I'm the mom of an almost 2 1/2 year old little girl. She is a very happy, outgoing, joyful kid who has tons of energy. The reason I'm writing is because I'm having an awful lot of trouble getting her to eat at home, or I should say with her father and me. Whether it's breakfast, lunch or dinner at home, or in a restaurant- she just doesn't eat much at all. She'll pick at a couple of things, or it'll take her upwards of an hour to eat the simplest things. I'm very afraid of giving her eating issues like I have, so I don't force her to sit in front of her plate till it's cleaned, nor do I make a big deal out of giving sweets or any food as rewards. However, when she spends the day at my parents house, or the homes of friends who help me out w/ babysitting from time to time, they all report that she eats non-stop! I've been told she'll eat 2-3 helpings of something that she'd never eat at home, if my parents take her to a restaurant, she eats everything AND picks at their food too. What gives? I joke that I'm just going to drop her off at different houses for meals just so she'll eat something. What am I doing wrong, or what can I do to get her to eat well when she's with us?
From: tlo, Meddford, MA
First of all, keep in mind that many toddlers are picky eaters. It's just what they are about. All you have to do is read through past questions here to see how true that is; in fact, eating (at all ages) is the single biggest topic that gets raised in this space. And while it's understandable that any parent might worry when a child seems to not be getting appropriate nourishment, I suspect you are more susceptible to this worry because of your history. I wouldn't necessarily go there.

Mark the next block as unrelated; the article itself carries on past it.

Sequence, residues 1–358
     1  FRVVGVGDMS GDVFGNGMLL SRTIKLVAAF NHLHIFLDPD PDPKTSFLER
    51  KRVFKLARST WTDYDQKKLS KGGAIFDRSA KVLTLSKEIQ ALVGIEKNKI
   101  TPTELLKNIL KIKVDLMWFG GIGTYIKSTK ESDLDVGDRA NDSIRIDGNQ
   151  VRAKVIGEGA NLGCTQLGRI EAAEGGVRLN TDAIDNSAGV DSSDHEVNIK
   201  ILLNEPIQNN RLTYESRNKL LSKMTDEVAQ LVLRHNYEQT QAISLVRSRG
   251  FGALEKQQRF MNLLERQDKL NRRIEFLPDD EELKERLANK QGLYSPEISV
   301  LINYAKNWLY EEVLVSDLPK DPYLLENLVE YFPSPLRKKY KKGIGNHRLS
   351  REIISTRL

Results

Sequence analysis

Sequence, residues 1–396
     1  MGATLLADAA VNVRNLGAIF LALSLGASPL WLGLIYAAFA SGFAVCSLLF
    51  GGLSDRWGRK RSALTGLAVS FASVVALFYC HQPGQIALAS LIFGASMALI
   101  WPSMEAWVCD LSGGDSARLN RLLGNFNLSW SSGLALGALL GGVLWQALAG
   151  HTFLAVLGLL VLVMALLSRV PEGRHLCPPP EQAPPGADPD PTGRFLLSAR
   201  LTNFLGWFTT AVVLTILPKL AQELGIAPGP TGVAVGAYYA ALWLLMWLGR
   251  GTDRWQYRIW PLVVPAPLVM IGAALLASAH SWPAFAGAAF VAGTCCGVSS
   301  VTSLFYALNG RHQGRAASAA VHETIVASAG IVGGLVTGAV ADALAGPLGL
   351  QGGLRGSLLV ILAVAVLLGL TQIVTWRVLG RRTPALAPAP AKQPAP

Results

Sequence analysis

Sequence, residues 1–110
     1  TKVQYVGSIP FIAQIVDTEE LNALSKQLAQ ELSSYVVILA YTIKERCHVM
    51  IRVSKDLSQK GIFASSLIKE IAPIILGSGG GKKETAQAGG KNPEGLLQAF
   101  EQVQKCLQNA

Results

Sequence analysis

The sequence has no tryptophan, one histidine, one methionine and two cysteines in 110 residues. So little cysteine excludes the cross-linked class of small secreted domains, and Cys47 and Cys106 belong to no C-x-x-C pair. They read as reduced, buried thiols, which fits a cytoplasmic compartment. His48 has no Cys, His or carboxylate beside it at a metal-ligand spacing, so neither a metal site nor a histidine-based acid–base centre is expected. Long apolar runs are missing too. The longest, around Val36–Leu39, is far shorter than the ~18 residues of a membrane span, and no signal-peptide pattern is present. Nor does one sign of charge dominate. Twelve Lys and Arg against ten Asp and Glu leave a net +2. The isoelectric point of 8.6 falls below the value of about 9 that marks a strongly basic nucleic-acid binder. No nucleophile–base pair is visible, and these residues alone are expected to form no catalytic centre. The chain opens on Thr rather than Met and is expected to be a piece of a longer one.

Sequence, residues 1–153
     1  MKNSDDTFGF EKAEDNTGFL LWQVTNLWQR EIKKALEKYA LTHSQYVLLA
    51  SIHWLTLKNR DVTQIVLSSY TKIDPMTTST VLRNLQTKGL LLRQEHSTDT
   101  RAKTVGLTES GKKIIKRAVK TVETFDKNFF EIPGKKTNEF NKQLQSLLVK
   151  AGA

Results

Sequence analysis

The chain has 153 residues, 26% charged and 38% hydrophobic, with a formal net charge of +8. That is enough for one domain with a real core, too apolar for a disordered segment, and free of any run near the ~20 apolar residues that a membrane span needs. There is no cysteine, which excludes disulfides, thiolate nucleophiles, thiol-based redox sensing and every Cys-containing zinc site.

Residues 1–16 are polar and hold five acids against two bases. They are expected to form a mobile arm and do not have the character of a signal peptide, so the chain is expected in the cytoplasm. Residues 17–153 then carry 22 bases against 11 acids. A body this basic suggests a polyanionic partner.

Children this age are all about control. They want it, and they are willing to engage in all sorts of behaviors to see how they can get it. Somehow, your daughter has come to perceive mealtime and eating as an issue around which she can exert control, especially -- only? -- when you're present. That tells me that in some way, perhaps so subtly you can't recognize it, you give off some vibes that she's picking up on.
Defuse eating and mealtime as best you can by putting food in front of her and not talking about it. No chatter about food, about what she's eating, or what you're eating, or not eating. Make eating just another activity in your home. Do your best to make family meals a pleasant time. Try to become an impartial observer about your own behavior around food. What happens differently in other homes where she eats willingly? Talk to your pediatrician so you can (presumably) get reassurance that she is a healthy child who is getting the nourishment she needs; if your anxiety is assuaged, you may be more able to relax around mealtime. Lastly, get some guidance from a nutritionist. I suspect that because of your history, this is something that will be beneficial. Forgive me if I'm over-reacting to this, I know you mentioned it only in passing, but I strongly suspect it's playing a role here.
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